4 Steps to Connecting with Kids in Distance Learning
Back in 2008, when I first started teaching online, I honestly thought it was going to be a joke. I had no idea how online school would work–for high schoolers and much less for Kindergarteners! Starting mid-way through the year, I dove in to the work to figure out what on earth to do. I soon learned that in online schools, there was a wealth of information about students at my fingertips. Every time I called, I logged my call. One system captured my email communications between kids and families! I got to know my kids better than when I was face to face with them in a classroom. Why? Because I knew them as individuals rather than as members of a group. This initial experience of teaching online completely changed my perspective of what it means to really know students.
I’ve been thinking a lot about that shift that I made in my teaching practice and how much teachers have had to change their practice since March. Before Covid-19 shut down our school buildings, teachers greeted learners at the door as they walked in, shared their personality with their classes live and face to face, and worked on group dynamics all the time–changing seat placement, strategically setting up partners or small groups. Since the move to distance learning, all of those soft skills–relationship skills–have become things that educators need to consciously think about. All of a sudden, we can’t rely on a smile during passing period, or a quick chat during independent work time. Due to distance learning, we need to bring what we used to do ‘naturally,’ with little thought, to the forefront; we need to dive in to being purposeful and strategic in building strong, caring, professional relationships with our students.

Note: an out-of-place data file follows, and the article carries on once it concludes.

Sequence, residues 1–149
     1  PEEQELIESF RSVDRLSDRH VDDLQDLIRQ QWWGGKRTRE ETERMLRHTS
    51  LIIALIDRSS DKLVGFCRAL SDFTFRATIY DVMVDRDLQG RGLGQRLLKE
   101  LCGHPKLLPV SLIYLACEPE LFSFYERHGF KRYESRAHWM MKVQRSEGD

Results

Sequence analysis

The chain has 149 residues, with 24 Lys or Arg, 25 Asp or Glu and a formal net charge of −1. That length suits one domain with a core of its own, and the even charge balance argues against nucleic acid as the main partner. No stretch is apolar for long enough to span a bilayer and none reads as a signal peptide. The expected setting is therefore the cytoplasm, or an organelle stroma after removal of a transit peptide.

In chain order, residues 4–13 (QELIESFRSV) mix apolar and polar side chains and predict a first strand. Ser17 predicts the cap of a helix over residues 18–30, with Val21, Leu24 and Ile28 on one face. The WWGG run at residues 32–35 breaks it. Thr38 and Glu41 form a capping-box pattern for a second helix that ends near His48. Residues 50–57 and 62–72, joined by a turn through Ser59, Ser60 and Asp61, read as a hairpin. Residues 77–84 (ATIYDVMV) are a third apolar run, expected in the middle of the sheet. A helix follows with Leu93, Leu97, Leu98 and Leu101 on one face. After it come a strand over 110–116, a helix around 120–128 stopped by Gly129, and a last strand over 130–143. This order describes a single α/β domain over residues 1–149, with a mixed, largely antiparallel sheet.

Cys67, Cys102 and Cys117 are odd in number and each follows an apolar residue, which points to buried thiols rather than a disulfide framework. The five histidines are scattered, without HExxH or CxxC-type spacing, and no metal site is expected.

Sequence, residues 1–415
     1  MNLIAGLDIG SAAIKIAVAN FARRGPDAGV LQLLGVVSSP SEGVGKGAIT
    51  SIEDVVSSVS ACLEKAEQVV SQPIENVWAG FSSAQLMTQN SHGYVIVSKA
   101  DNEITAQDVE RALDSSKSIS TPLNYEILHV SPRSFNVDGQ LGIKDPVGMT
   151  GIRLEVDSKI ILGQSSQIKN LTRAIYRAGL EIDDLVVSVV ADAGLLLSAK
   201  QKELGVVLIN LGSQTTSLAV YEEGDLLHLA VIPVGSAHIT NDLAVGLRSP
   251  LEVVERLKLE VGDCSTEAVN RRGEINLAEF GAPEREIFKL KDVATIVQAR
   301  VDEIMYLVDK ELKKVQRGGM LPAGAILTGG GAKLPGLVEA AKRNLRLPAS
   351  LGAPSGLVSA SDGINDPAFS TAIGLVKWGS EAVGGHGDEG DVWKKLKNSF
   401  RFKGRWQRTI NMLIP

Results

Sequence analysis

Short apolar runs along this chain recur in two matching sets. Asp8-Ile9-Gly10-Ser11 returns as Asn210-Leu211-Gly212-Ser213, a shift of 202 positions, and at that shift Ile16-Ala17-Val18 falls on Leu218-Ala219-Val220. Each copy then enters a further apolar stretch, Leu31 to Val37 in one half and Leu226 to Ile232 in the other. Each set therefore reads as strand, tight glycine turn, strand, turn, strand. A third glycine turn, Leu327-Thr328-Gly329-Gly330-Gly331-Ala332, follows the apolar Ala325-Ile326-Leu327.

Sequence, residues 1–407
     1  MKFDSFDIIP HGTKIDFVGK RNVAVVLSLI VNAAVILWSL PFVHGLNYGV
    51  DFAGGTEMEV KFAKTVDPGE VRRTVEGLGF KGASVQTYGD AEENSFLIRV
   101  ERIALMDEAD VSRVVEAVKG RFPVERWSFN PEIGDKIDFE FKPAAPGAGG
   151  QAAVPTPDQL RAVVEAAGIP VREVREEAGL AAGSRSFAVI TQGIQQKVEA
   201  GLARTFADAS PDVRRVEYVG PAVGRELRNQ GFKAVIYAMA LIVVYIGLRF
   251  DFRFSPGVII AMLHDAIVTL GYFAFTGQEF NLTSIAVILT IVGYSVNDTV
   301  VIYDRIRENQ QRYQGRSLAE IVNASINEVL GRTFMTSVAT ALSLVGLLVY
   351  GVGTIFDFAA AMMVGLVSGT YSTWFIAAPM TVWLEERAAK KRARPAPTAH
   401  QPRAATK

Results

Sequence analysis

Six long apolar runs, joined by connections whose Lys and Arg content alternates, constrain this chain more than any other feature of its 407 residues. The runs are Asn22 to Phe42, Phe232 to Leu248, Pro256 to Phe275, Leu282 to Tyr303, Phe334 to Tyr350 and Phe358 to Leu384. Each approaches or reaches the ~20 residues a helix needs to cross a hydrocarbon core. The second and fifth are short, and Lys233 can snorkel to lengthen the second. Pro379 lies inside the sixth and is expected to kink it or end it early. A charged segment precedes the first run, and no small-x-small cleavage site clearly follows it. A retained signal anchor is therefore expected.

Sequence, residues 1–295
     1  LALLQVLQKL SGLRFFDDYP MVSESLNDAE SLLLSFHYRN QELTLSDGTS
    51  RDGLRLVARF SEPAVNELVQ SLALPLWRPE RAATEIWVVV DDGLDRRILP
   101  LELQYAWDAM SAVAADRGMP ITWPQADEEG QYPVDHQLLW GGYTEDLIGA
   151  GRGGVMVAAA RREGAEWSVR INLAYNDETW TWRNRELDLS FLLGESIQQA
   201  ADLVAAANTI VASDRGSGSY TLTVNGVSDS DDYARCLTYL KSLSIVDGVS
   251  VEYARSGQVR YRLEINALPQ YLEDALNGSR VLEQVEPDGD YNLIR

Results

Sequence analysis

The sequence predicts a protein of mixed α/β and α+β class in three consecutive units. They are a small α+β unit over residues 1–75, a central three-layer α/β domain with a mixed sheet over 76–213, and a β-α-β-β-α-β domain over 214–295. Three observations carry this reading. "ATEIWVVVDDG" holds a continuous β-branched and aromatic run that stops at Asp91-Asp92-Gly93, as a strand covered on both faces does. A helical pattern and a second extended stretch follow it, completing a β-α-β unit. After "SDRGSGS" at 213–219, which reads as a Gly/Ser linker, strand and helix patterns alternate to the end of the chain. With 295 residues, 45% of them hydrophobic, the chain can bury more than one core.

Strong, caring, professional teacher-student relationships are critical to our learners embracing their potential. Relationships are the foundation of all of our teaching practice– from trauma-informed practices to culturally responsive teaching. Drop out prevention research has found that when students have at least one adult that they perceive to care about them, they stay in school at much higher rates. In fact, the number one reason students say they dropped out when asked was that nobody cared about them (National Council of State Legislatures). Additionally, the US Department of Education and the National Dropout Prevention Center both identify strong, caring, professional teacher-student relationships as strategies to prevent students from dropping out.
What does a strong, caring, professional relationship consist of?
Brené Brown defines genuine connection as “energy that exists between people when they feel seen, heard, and valued” (The Gifts of Imperfection, 2010). As we build genuine connection with our students, we share specific, honest aspects of our humanity with students and in return acknowledge their own specific aspects of their personality, life, and humanity that we gather from information they share with us. I was discussing the concept of this post with an awesome teacher friend of mine, and she asked me to be sure to include that it’s okay to be vulnerable with our students–more than ever, we are all learning together.